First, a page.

**Deferred Action for Parents of U.S. Citizens and Lawful Permanent Residents (DAPA)

Who is eligible?

An undocumented individual living in the United States who, on November 20, 2014, is the parent of a U.S. citizen or lawful permanent resident.

What are the changes?

Allows parents to request deferred action and employment authorization if they:

  • Have continuous residence in the United States since January 1, 2010;
  • Are the parents of a U.S. citizen or lawful permanent resident born on or before November 20, 2014;
  • Are not an enforcement priority for removal, meaning:
    • They are not a threat to national security, border security, and public safety
    • They have not been convicted of 3 or more misdemeanors (other than minor traffic offenses) or a “significant misdemeanor” in the United States, pursuant to the November 20, 2014, Policies for the Apprehension, Detention and Removal of Undocumented Immigrants Memorandum.

When can I apply?

Approximately 180 days following the President’s November 20, 2014, announcement.

 

**Provisional Waivers of Unlawful Presence when applying for residency

Who is eligible?

Undocumented individuals who have resided unlawfully in the United States for at least 180 days and who are:

  • The sons and daughters of U.S. citizens; or
  • The spouse and sons or daughters of lawful permanent residents.

What are the changes?

    • Expands the provisional waiver program by allowing the spouses, sons or daughters of lawful permanent residents and sons and daughters of U.S. citizens to get a waiver if a visa is available if they establish that their relative will suffer extreme hardship if they are barred from the United States.* There may be instances when the qualifying relative is not the petitioner.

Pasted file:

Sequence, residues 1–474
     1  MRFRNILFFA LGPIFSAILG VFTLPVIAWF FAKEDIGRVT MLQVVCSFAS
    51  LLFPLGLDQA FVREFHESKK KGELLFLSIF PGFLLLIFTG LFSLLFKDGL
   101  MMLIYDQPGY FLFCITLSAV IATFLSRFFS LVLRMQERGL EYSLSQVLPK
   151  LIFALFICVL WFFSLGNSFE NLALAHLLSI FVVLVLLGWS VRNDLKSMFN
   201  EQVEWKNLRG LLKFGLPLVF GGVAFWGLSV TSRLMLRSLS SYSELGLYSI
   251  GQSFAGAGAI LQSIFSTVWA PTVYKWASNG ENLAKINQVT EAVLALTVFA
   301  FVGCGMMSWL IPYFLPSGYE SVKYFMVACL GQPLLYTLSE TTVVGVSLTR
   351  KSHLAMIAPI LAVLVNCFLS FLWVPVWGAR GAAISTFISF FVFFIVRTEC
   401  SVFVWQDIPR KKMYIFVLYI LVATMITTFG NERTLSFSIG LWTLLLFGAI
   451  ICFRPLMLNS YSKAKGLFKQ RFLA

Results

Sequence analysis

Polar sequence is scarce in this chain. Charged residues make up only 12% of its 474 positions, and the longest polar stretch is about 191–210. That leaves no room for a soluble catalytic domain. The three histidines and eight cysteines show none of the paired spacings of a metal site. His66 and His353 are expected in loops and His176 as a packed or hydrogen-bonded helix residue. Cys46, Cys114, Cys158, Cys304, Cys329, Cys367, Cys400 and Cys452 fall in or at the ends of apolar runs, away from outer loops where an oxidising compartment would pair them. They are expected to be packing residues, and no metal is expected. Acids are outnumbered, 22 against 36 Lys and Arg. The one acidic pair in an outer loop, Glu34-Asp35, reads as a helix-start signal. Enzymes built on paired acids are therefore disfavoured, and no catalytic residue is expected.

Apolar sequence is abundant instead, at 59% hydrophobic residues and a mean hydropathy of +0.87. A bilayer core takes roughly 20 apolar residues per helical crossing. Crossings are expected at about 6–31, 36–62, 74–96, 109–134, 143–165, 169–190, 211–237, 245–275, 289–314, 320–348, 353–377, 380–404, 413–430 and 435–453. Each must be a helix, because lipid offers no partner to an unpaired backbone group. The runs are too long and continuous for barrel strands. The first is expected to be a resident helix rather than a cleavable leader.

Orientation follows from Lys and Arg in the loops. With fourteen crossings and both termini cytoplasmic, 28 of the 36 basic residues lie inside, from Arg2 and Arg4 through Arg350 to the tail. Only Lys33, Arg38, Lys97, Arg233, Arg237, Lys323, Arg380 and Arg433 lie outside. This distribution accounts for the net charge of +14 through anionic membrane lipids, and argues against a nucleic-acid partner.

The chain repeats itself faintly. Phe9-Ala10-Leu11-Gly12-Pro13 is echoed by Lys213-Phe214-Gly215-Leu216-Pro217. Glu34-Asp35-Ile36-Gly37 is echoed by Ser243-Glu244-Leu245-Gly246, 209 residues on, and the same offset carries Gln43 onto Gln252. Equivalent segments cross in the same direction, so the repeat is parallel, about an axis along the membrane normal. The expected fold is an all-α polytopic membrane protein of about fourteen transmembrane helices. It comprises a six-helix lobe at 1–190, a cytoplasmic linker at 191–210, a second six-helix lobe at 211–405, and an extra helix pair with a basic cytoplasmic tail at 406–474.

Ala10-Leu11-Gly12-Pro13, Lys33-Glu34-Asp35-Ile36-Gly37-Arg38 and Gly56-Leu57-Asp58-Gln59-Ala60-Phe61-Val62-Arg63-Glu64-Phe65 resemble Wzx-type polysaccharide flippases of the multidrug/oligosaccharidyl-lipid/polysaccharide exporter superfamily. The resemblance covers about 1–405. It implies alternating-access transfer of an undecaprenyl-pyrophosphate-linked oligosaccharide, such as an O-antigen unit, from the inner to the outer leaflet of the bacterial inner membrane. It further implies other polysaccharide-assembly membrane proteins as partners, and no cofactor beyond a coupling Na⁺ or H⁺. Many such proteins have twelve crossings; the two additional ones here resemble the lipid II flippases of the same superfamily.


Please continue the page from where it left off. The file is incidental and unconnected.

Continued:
• Clarifies the meaning of the “extreme hardship” standard that must be met to obtain a waiver.

   * Currently, only spouses and minor children of U.S. citizens are allowed to apply to obtain a provisional waiver if a visa is available.

When can I apply?

No firm date announced yet.  Individuals will be able to apply once USCIS issues guidelines and regulations.

 

Seven Ways to Prepare to Apply!

You cannot apply for these benefits now, but you can prepare for when the application period opens:

1. Start saving money. The process will cost $465.

2. Start organizing documents which verify your identity. Begin the process to obtain your passport or birth certificate.

3. Start organizing documents which verify your presence in the U.S. since January 1, 2010 (paystubs, utility and telephone bills, rent payments, etc.)

4. Start organizing documents which verify your relationship to your children who are a legal permanent resident or citizen (their birth certificates, immigration documents)

5. If you have received an order of deportation, or have ever been detained by immigration, it is important to consult with an attorney as soon as possible.

6. If you have ever been arrested or have a criminal record, it is important to consult with an attorney as soon as possible.

7. At this moment, you can not apply for any of these benefits. There is a waiting period before anyone can apply. Avoid individuals who want to charge for “starting the process” right after the announcement. Seek help from individuals and entities which are authorized to provide immigration-related legal assistance. Notaries are not attorneys. 

 

For more information about the new regulations, please contact CARECEN at (202) 328-9799.